Color & Ink: A process

Colors are magical. I still remember how beautiful the red, blue, and yellow buttons on my parent’s VCR just seemed like a happy gathering. Always brought a smile to my face. Or the color of a lawn that has just been mowed. It’s green, but with so much more. As a graphic designer, I am very aware of color and how it can be used to create a certain feeling or mood for my audience. As a letterpress printer, I’ve become even more tied to my colors because I am always mixing up my own. True, I can match them to a pantone chip, but to my mind, the color I come up with is always just slightly different. That perhaps I have found a new hue that has never been made EXACTLY to these proportions. That just makes me have a sense of awe and wonderment at the possibility. So as I said, colors, and their many shades, create a mysterious and beautiful world.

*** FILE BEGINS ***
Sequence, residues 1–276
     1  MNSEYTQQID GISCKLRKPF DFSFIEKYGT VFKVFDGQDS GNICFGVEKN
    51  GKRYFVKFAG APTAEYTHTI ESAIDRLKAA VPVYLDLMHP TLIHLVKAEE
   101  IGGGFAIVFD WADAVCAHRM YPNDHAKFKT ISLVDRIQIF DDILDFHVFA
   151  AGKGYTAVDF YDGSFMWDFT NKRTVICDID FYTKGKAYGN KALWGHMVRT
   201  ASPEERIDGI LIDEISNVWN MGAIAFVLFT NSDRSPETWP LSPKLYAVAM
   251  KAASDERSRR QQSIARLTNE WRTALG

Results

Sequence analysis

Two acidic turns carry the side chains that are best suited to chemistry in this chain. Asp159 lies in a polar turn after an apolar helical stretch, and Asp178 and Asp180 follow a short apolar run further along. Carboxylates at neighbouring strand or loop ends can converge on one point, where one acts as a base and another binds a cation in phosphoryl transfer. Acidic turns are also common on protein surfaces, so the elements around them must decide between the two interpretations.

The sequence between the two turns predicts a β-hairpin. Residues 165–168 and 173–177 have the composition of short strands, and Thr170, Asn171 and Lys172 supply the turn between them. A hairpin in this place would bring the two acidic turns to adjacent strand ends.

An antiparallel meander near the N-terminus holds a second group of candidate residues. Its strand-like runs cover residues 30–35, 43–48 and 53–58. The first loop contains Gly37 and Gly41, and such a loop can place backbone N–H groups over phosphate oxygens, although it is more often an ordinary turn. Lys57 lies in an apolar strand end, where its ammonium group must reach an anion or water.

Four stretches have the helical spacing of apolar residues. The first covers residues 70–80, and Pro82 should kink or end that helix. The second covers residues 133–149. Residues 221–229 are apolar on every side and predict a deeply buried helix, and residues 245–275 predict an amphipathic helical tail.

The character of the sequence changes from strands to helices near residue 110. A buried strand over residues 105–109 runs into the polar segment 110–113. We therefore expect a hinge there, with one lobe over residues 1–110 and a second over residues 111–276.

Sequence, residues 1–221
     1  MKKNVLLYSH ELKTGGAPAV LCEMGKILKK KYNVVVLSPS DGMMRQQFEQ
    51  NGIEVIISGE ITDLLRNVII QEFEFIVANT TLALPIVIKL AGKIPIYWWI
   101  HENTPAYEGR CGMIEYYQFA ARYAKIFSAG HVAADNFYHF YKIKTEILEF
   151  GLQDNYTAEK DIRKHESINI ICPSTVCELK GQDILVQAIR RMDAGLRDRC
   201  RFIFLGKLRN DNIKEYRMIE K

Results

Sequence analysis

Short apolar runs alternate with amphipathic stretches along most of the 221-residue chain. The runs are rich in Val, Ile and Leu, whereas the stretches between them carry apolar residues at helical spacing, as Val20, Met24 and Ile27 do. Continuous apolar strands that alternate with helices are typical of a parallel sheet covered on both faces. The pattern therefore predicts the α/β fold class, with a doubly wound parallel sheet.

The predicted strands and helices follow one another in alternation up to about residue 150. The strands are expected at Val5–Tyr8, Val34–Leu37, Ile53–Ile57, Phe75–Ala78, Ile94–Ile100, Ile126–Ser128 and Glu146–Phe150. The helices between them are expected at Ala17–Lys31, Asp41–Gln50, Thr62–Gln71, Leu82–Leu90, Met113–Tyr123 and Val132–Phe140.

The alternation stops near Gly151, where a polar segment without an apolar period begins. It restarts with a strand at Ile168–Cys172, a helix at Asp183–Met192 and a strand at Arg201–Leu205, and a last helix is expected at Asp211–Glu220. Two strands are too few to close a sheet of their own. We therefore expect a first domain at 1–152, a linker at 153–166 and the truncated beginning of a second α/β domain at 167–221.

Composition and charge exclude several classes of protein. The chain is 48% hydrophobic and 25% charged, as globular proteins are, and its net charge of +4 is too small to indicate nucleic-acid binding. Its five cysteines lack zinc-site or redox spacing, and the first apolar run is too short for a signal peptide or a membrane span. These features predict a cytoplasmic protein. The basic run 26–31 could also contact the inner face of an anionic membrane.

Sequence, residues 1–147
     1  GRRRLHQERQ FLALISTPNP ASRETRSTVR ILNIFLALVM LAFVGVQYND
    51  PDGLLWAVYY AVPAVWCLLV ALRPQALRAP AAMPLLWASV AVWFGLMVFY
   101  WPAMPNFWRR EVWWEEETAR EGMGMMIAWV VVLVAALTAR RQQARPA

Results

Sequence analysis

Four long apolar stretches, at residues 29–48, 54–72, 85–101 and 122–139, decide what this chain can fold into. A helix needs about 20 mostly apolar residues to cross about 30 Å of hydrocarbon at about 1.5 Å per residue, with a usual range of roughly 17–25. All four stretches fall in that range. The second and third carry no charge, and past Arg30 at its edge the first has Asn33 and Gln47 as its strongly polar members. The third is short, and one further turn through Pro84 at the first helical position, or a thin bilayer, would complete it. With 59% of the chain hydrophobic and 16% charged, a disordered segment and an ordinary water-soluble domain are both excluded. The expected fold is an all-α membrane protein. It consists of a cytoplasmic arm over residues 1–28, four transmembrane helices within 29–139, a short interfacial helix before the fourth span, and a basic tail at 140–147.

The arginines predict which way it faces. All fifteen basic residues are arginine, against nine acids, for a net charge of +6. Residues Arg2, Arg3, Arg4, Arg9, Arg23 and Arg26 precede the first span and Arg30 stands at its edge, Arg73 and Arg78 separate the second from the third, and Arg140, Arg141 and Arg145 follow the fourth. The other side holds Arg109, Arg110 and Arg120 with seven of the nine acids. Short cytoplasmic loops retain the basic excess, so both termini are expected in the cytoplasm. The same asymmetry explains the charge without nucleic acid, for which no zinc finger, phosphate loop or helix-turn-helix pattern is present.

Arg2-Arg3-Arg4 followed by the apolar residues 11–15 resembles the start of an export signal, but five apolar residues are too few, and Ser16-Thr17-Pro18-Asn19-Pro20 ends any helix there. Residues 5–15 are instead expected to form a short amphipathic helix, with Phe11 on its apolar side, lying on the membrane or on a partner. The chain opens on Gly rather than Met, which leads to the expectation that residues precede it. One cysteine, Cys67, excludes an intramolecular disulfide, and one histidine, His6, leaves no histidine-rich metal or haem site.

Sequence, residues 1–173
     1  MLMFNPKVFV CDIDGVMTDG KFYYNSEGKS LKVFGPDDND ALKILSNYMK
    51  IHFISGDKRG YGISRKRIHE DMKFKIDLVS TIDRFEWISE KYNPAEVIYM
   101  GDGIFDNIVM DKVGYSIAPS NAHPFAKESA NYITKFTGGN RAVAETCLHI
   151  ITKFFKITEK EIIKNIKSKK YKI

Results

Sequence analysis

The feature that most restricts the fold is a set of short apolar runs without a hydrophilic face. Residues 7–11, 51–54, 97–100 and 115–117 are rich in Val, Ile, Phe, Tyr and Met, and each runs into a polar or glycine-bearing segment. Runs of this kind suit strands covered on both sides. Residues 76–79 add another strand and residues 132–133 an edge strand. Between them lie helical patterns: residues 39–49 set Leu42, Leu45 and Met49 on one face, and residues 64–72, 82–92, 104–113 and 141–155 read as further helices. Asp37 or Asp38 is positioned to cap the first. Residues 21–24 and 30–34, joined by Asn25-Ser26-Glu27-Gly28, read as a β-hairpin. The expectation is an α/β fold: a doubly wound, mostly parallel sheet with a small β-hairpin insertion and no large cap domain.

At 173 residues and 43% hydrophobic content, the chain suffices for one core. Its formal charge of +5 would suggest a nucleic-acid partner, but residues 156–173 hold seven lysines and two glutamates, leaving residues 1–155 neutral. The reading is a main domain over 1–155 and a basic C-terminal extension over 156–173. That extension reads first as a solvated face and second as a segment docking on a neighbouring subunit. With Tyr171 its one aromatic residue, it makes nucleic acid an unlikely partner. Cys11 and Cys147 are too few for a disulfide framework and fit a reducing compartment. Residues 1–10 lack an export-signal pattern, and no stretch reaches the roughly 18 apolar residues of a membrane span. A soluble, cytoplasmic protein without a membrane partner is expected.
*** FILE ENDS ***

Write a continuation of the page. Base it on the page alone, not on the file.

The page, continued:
Eventually these colors have to be obtained, created, and dispersed into the next part of their life: being part of a bigger vision. While I love mixing colors, seeing that color being printed makes me so completely giddy! But how do we even get to the point of picking up a palette knife and taking a smidge from this can to mix with a dollop from that can? One company has come up with an excellent and artistic way! The Printing Ink Company, along with Vepo Studios has created an in-depth look at how ink arrives at it’s final destination and the intricacies that go into creating such beauty.

So indulge your nerdy design senses!

The Living Letter Press gets a visit!

Last weekend I took a fantastic trip to The Living Letter Press (see here) in Champaign, IL. This wonderful establishment is owned by John Bonadies (see here), whom I became colleagues with over a year ago and met for the first time on this trip. The Living Letter Press was established after John started a Kickstart project, raising money for the purchase of presses, wood fonts, inks, and every other conceivable item needed to have a running studio. But the twist is that all of this was used for the awesome ipad app called LetterMPress (see here). But what does one do with all of this amazing type and beautifully running presses afterwards? Start inviting people to visit!